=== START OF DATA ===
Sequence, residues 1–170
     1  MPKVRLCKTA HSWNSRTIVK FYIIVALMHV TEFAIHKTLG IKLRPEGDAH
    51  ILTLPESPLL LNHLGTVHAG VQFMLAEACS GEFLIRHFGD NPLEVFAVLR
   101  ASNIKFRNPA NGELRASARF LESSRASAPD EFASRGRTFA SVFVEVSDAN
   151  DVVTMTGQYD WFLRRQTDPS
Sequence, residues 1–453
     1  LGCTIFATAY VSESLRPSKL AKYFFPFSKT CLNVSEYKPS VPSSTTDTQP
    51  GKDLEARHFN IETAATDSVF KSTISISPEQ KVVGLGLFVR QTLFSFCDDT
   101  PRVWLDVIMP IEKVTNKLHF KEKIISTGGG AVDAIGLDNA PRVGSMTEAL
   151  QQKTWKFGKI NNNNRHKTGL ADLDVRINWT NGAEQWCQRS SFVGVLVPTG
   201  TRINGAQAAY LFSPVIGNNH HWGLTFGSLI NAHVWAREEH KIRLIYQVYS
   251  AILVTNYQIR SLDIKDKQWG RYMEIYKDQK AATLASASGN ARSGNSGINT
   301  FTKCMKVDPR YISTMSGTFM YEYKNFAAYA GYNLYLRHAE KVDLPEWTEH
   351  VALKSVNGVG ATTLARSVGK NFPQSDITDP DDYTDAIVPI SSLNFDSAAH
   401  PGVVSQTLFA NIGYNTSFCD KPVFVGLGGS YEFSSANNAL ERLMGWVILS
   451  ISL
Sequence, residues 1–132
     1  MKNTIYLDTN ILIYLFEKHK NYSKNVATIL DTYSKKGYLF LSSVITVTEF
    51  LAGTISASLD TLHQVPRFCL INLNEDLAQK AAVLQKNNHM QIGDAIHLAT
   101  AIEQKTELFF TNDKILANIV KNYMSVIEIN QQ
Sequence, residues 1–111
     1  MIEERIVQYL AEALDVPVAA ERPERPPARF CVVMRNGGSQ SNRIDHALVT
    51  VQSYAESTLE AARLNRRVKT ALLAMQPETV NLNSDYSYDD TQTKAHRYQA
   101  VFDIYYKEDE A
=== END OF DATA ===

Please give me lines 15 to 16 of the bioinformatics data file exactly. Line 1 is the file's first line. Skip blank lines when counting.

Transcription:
   401  PGVVSQTLFA NIGYNTSFCD KPVFVGLGGS YEFSSANNAL ERLMGWVILS
   451  ISL